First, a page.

Inefficient programs that don't solve problems and are passed against the will of the American people seem to be the Obama Administration's forte. Now their high-minded aspirations of a health care revolution are quickly unraveling as fatal glitches in Obamacare become apparent.
Next up for implosion? The Community Living Assistance Services and Supports Act, otherwise known as the "CLASS Act," which creates a government-run long term care insurance program too costly to sustain. At a time when entitlement programs in America have spun out of control, liberal proponents of Obamacare were pushing a new one that had no hope of staying afloat. Now, they are trying hide the fact that they were wrong as another bungling layer of Obamacare is exposed.
From its creation, the CLASS Act was completely unsustainable as written into law. The problem? Due to the effects of adverse selection, the program would charge high premiums that would deter less risky individuals from participating. Indeed, participating in the CLASS program would only appeal to those in poor health expecting to need long-term care in the future, further escalating premiums.
Due to its design, it was clear to Medicare actuaries and even liberal Members of Congress that CLASS would fail before it began. Like so many other aspects of the struggling Obamacare law, this one's flaws are abundantly clear. Brian Blase explains why the CLASS Act is broken and how its ill-conceived design would lead to its inevitable collapse or bailout:
The main problem is that the program's design will result in a badly skewed pool of participants ... This means healthy individuals are less likely to participate because they do not receive credit in the form of a lower premium, like they would if they purchased [long-term-care] insurance in the private market. Instead, CLASS participants are likely to be disabled individuals who are able to work part-time and individuals who anticipate future [long-term-care] needs.
Moreover, the adverse selection problem is exacerbated because individuals earning below the poverty line are subjected to only a $5 monthly premium, and less healthy people are much more likely to be below the poverty line. The artificially low premium for them means that premiums will have to be much higher for others, which will diminish overall enrollment in the program and worsen its long-run solvency. The poor design of CLASS almost guarantees that the program will collapse or need a bailout.
Last week, Heritage reported on internal emails sent prior to Obamacare's passage warning the Obama Administration of CLASS's impending disaster. While former House Speaker Nancy Pelosi and friends were frantically shoving the 3,000 page health care bill through Congress, they were ignoring vital information about a program that was actuarially unsound and completely unworkable. In fact, as Heritage's Lachlan Markay reported, federal health experts told them via email that CLASS would result in an "insurance death spiral." Congress passed it anyway.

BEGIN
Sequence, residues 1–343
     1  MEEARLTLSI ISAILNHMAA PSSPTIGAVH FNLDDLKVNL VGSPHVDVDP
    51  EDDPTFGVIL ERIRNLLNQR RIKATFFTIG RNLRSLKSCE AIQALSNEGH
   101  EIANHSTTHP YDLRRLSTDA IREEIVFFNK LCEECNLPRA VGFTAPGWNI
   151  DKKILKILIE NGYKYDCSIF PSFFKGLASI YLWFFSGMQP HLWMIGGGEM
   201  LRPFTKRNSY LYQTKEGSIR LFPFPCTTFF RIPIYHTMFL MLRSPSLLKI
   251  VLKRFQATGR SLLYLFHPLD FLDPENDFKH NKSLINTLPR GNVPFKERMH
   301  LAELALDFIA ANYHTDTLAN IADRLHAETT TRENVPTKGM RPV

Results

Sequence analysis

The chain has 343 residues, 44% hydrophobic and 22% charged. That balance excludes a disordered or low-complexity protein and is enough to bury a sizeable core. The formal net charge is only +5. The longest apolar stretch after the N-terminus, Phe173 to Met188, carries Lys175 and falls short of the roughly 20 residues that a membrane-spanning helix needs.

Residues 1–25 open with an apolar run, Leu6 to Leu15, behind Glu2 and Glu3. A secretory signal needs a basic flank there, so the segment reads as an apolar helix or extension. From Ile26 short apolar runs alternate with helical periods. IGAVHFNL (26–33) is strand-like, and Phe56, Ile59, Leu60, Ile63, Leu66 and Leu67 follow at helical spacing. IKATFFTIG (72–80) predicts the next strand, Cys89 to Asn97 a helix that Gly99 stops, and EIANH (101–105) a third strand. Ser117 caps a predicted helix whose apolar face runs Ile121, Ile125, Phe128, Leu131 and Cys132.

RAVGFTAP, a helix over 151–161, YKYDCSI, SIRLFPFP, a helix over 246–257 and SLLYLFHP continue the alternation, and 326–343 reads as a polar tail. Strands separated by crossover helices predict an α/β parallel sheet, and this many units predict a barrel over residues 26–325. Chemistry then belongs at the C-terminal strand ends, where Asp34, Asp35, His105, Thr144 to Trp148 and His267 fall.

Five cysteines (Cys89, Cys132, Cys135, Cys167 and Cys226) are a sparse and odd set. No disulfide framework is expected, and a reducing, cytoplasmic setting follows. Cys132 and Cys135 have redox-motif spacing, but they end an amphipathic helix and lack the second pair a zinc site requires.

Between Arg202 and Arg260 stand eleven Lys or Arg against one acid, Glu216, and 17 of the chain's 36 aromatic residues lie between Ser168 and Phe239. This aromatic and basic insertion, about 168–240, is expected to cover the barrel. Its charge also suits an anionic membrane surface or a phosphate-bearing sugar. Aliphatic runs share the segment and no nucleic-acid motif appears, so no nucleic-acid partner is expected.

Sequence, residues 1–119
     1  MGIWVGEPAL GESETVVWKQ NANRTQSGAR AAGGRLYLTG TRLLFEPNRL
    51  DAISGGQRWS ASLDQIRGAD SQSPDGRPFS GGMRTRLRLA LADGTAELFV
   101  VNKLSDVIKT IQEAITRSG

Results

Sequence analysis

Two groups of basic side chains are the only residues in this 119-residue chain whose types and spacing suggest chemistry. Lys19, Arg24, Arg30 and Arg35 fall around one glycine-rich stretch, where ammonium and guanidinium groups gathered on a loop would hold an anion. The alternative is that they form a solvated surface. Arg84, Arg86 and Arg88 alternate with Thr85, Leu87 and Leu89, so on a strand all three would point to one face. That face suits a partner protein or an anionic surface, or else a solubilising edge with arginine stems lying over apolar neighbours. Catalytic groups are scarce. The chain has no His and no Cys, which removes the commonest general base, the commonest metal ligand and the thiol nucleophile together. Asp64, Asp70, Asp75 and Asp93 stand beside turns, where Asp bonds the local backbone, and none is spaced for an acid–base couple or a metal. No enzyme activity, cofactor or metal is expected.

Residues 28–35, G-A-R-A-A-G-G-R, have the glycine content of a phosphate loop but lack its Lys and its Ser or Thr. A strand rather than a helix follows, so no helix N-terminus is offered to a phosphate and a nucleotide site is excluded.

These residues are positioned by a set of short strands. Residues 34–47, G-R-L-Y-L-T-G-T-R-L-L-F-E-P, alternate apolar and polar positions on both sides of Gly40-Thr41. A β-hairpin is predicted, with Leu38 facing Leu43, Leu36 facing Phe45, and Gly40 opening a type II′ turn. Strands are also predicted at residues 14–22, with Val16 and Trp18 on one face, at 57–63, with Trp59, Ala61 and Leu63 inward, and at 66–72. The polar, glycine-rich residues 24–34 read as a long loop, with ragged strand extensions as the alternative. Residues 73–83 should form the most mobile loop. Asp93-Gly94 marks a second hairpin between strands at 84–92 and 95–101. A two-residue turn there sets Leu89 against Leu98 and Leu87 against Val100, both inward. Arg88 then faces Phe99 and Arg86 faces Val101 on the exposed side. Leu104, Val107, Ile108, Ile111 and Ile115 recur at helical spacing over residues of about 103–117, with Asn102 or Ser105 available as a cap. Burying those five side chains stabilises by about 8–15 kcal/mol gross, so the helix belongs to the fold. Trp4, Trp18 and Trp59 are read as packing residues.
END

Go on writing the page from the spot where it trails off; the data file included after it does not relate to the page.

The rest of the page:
Health and Human Services secretary Kathleen Sebelius has since stated that CLASS is "totally sustainable" and "financially unsound." The Department claimed it could solve these problems using its administrative authority, but the only way CLASS could possibly survive would be via a taxpayer bailout, varying premiums according health status, or by mandating worker participation--none of which are acceptable options. It's time to admit they are fighting a losing battle.
Bob Yee, chief actuary for the Health and Human Services office that administers the CLASS Act, recently left the office after being told his services weren't needed. He told The Wall Street Journal that other office staffers were being reassigned.
HHS is subsequently denying that they are killing the CLASS Act despite no longer having any employees working in its office. It's likely that the Administration has finally come to the realization that CLASS is beyond help.
A bicameral group of Republican Members of Congress are demanding answers in an oversight letter sent to HHS requesting information on their latest moves and what they knew about CLASS before Obamacare became law. Given CLASS' financial instability, James Capretta and Brian Riedl explain that Congress' best move is to repeal the law instead of piling debt upon debt with yet another unsustainable entitlement:
CLASS is destined to run short of funds, creating pressure for another massive taxpayer bailout. The biggest threat to the long-term prosperity of the country is the massive unfunded liabilities for the nation’s major entitlement program. The last thing Congress should be doing is adding to the burden of future taxpayers, which is why CLASS Act repeal is the most fiscally responsible—and ethical—course to follow.
So while HHS tries to cover their tracks by claiming CLASS is still being analyzed, it's clear that the only responsible thing for them to do is admit they were wrong in the first place and end this awful program before it's too late. And more importantly, Congress should repeal Obamacare before the biggest implosion of all hits the American people.